By Nick Strain
Warner Bros. / Courtesy Everett Collection
According to a recent survey by the National Association for Business Economics, seven out of 10 economists expect a recession by the end of 2021.
Even the savviest investors worry about not having enough cash on hand to cover basic expenses during a recession — let alone those who have their entire nest egg wrapped up in a volatile market. That reasonable anxiety can prompt 401(k) participants to decrease their contributions or even cash out on their retirement savings entirely.
However, the long-term harm that a panicky move may have on their ability to retire outweighs any short-term benefits.
An economic downturn may tempt investors to put even less into retirement savings while waiting for a bull market to return. On the surface, it seems like this strategy protects savings. During the last recession, personal savings as a percentage of disposal income fell from 6.4% to 3.7% between December 2008 and January 2009. With concerns about another recession growing, many investors might consider cashing out on savings in an attempt to avoid similar losses. However, because it is almost impossible to time the market, this approach is likely to backfire, further delaying their ability to save and pushing the retirement date back. Staying steady and continuing contributions during a recession is necessary to grow savings and have a solid financial footing in retirement, even just by maintaining an employer match.
Preparing for a recession
The first and most practical step to prepare for a recession is to put aside an emergency fund. If you don’t already have three to six months of living expenses in the bank, now is the time to start saving. With an emergency fund in place, you can begin to reduce or maintain current expenses wherever possible while avoiding any unneeded costs. While building an emergency fund, it’s important to consider the timing of major purchases like a car or a house. Those who rent should seek out more affordable accommodations, or at least avoid taking on higher rent if possible. With a recession looming, it is not a good time to take on additional debt.
An effective strategy for reducing expenses is putting disposable income toward paying down existing debt. Examples of disposable income include an end of year bonus or inheritance. You’ll want to put these funds toward paying down credit card debt, mortgages, or car payments while the market is strong. It can be much harder to keep up with these payments during a recession, so get ahead now.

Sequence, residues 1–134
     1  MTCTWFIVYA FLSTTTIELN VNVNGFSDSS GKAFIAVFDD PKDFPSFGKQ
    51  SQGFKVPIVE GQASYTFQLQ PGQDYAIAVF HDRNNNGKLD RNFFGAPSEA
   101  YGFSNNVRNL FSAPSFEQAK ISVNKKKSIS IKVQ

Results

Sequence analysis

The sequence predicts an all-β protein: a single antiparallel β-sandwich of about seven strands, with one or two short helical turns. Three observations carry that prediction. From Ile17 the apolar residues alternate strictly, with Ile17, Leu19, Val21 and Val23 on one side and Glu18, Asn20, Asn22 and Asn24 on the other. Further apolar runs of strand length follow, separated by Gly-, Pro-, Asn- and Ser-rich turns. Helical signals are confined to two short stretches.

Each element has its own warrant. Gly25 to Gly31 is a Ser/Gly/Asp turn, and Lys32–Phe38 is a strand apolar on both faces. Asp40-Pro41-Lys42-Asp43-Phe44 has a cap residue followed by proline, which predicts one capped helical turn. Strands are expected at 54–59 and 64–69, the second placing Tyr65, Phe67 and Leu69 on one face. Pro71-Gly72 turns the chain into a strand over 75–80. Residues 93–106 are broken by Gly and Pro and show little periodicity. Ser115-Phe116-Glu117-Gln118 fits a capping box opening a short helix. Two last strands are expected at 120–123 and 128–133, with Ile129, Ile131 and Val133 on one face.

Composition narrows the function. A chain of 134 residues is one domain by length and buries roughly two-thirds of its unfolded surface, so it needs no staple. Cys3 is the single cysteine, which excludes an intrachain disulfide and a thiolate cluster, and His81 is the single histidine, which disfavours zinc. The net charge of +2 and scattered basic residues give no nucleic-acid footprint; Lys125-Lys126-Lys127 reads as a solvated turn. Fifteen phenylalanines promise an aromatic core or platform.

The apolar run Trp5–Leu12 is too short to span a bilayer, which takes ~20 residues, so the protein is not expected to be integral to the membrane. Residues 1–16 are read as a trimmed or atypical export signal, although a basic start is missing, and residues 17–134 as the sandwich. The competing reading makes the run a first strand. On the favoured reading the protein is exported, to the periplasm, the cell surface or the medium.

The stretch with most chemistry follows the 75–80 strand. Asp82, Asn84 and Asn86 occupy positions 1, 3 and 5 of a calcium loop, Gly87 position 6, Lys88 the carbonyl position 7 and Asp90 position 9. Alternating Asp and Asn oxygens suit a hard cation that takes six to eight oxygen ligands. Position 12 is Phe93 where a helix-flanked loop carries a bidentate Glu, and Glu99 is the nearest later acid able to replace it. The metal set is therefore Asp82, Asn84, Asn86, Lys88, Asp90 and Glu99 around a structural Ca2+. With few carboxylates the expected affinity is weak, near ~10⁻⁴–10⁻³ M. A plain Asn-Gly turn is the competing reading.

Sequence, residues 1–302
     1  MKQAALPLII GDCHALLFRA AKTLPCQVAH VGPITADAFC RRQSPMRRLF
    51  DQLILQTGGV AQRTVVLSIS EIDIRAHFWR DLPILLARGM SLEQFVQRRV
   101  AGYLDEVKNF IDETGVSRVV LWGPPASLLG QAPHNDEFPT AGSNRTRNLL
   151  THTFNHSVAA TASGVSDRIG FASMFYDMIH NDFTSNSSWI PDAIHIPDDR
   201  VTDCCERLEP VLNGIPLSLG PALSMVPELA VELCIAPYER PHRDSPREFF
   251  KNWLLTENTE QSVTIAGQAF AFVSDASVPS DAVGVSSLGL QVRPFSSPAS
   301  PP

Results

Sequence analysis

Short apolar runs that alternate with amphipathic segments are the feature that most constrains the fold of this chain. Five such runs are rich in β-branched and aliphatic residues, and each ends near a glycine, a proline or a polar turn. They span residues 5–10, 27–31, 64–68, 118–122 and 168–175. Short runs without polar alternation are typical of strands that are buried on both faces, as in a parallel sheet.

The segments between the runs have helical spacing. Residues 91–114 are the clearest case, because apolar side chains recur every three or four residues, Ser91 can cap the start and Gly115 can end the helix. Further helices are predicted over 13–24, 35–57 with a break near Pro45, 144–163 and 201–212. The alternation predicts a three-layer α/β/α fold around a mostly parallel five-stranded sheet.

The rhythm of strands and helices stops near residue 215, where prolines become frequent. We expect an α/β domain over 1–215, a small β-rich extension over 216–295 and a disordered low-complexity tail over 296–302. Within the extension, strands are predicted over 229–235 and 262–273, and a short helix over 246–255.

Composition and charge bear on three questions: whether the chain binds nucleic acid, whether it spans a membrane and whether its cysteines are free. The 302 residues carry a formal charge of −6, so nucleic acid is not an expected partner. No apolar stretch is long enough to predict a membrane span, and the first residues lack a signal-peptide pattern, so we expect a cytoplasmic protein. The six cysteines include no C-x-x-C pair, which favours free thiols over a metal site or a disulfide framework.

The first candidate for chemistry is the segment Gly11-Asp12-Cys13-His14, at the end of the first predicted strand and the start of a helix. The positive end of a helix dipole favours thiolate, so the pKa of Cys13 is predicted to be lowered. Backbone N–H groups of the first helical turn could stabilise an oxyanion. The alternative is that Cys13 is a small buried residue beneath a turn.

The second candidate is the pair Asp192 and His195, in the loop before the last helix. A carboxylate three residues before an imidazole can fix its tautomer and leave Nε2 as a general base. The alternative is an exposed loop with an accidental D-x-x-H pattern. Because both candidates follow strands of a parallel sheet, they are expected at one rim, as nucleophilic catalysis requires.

Cutting back on splurges
There’s no need to go cold turkey, but making small incremental decisions and effective choices all add up. You work hard and want to be able to enjoy your life — you’re entitled to that — but make sure you are saving enough on the back-end to make up for any potential market downturn.
Find little ways to save money. Go on vacation, but don’t go on an international trip — go within the U.S. and travel during off-times, where you’ll save on airfare. Instead of buying a new car, purchase a “nearly new” used car. For example, if you spent $100 less a month on your car payment, ate out once less a week ($50 a week = $200 a month), and spent $200 a month less in entertainment, you would save $500 a month. That’s $6,000 a year. These kinds of sacrifices are doable for most people.
A second strategy for saving involves using new technology or trends to find new ways to save. Here are a few examples. You could cut cable and only pay for Netflix /zigman2/quotes/202353025/composite NFLX +0.31% and Wi-Fi — better yet, if you buy your own Wi-Fi router you’ll save the $10 renting one from the cable company every month. It’s an upfront cost now that will pay off in the long run.
For online shopping, use web-based add-ons like Honey to make sure you’re taking advantage of any promo codes available. If your big splurge is taking that once-a-year big vacation, strategize using the right credit card to maximize your points for travel. To save on gas and car maintenance costs, negotiate to work from home at least a few days a week. Finally, to save on health care costs, use goodrx.com to find the cheapest pharmacy to fill a prescription.
Pitfalls to avoid
Cashing out or making significant reductions to retirement savings contributions is the worst mistake you can make during a recession.